Johnny, I like that for the last 30 minutes you have not used any swear words when talking to other members of the family.  I am going to give you a Happy Check.

Johnny, I like that for the last 2 hours you have not used any swear words when talking to other members of the family.  I am going to give you a Happy Check.

Johnny, I like that you were hardly rude at all today.  I am going to give you a Happy Check.

(Then proceed to give Johnny Happy Checks whenever he goes a significant period of time without being rude.)

Then you might observe that during one of these intervals when Johnny was not being rude he said “thanks” when you passed the butter.  Proceed to shape this budding effort at manners. “You’re welcome, Johnny, that was very polite of you.”

The basic idea of shaping is to reinforce any behavior that is in the desired direction of the goal behavior.  Once a behavior is moving in the desired direction, require behaviors that are gradually closer and closer to the goal behavior.

Overemphasis on Negative Behaviors

All my child ever gets is MARKS.  What should I do?

Who is passing out the MARKS?  If you notice that your child is only getting MARKS, it might be because you are only paying attention to negative behavior and ignoring positive behavior when it occurs.  When no negative behaviors are occurring what is going on?  What is happening that you like, respect, appreciate, and would like to see happen more often?  These are the things to sometimes formally notice with a Happy Check.  Sometimes a child will begin to exhibit negative behaviors when they are getting very minimal attention for positive behaviors.  Some children would prefer to be punished than to be ignored.

Another thing to try is to describe what is happening in terms of the positive version of the behavior.  For example, one way to approach things is to decrease how often the child is disrespectful.  The target behaviors might include the class of disrespectful behaviors such as rude words or tone of voice directed toward a parent.  Every time one of these behaviors is exhibited the child gets a MARK. Another way of framing things is not that disrespectful behaviors are happening too often, but that respectful behaviors are not happening often enough.  You might start passing out Happy Checks for polite words like “yes sir” or “please” and “thank you” made in  respectful tones of voice.  This will have a tendency to gradually push out the frequency of the negative behaviors.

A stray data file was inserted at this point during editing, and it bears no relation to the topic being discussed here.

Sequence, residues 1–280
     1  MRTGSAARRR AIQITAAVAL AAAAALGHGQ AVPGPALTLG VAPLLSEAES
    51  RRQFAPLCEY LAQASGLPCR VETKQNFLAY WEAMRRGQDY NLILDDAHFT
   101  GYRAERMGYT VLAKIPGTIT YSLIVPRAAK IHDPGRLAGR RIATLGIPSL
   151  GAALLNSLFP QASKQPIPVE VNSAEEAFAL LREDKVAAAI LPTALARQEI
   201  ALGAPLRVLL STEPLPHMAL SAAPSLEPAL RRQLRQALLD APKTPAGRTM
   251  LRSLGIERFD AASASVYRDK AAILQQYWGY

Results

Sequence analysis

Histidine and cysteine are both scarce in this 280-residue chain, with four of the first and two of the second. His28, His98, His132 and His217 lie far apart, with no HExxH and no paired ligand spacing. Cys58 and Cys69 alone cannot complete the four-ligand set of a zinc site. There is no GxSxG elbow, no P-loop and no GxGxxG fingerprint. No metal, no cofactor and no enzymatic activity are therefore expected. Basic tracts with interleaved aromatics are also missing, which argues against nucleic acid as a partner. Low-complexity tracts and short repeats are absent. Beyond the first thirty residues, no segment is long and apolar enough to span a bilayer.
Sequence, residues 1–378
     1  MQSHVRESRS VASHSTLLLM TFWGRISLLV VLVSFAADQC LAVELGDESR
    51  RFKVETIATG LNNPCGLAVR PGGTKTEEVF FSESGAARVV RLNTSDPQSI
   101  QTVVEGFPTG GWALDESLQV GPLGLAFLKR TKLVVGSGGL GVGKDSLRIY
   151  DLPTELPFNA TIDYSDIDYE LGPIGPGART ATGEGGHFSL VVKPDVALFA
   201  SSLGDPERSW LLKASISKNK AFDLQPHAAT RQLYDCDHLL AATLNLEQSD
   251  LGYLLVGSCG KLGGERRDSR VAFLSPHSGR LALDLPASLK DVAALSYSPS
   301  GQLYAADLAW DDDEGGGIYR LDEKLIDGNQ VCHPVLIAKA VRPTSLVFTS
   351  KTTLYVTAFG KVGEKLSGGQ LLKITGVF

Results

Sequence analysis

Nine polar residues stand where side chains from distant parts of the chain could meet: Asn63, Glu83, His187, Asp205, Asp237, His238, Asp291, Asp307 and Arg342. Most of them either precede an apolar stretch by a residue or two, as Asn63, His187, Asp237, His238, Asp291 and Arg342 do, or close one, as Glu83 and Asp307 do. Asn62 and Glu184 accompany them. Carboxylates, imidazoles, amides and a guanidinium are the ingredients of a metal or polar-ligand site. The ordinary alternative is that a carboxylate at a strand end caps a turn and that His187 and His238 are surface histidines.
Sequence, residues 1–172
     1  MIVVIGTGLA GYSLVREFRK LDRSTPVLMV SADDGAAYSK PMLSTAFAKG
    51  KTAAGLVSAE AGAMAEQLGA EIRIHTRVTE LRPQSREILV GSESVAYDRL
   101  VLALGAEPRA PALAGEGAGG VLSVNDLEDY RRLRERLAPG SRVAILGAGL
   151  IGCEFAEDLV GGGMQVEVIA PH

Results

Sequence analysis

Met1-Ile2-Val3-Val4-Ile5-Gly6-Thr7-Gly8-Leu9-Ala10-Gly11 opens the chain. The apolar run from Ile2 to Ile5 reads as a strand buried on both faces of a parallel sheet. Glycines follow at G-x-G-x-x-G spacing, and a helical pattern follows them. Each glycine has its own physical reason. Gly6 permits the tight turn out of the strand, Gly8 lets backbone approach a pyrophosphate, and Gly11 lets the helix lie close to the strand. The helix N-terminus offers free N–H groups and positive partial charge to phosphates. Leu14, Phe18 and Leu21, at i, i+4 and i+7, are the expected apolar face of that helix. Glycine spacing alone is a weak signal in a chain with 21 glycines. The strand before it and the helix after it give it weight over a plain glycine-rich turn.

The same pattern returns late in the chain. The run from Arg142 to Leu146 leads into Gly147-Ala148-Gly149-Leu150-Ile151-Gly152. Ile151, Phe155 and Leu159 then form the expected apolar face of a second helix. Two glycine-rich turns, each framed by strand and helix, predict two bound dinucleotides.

Another way of balancing attention to positive and negative behaviors is to use focused attention (via Happy Checks and other forms of attention) for positive behaviors and use planned ignoring for some negative behaviors.  Obviously, there are some negative behaviors that are not suitable for planned ignoring.  If your child is playing with matches, of course, you cannot ignore the behavior. However, other things like tantrums in young children or rolling their eyes in older children are effectively met with planned ignoring.  Planned ignoring is not having your parental head in the sand.  It is planning ahead of time to not give the child any desired attention when exhibiting the negative behavior. For example, if a three- year-old  throws himself on the floor and kicks his feet for not getting a cookie before dinner, treat such behavior with extreme parental boredom.  Walk away and go into the other room  until the child also becomes bored with the behavior.  Many negative behaviors are sustained through the unwitting attention that is directed toward them.

Child Refusing to Participate in the Happy Check System

My kid says the checks are stupid and he isn’t going to do the system.

This raises an interesting issue regarding control.  As a parent it may come as a shock to realize that you do not control your kids!  You may think “What!! Of course I control my kids.  I am a responsible parent.  I am the one in charge.” In reality this is not the case.  You do not control your children, but you do control the contingencies. A two-year-old will illustrate this point.  All of us  would say, yes, of course I am in charge of my two-year old.  However, if the two-year-old decides to throw a tantrum in the middle of the grocery store you quickly realize you weren’t in control as much as you thought you were. A parent might even begin to feel more out of control as they try to “make” the two-year-old quit the tantrum, in the process feeling more and more out of control and ineffective.

The effective parent in this situation seems to understand a basic truth: You do not control your kids, you only control what you choose to do as a parent.  You control the contingencies, the kids control the choices they make at any given point in time.  In our tantrum situation, the parent realizes that they have no control over the two-year-old picking this time to throw a tantrum, but the parent can choose to administer a Time-Out in response.  The difference is more than just a semantic one.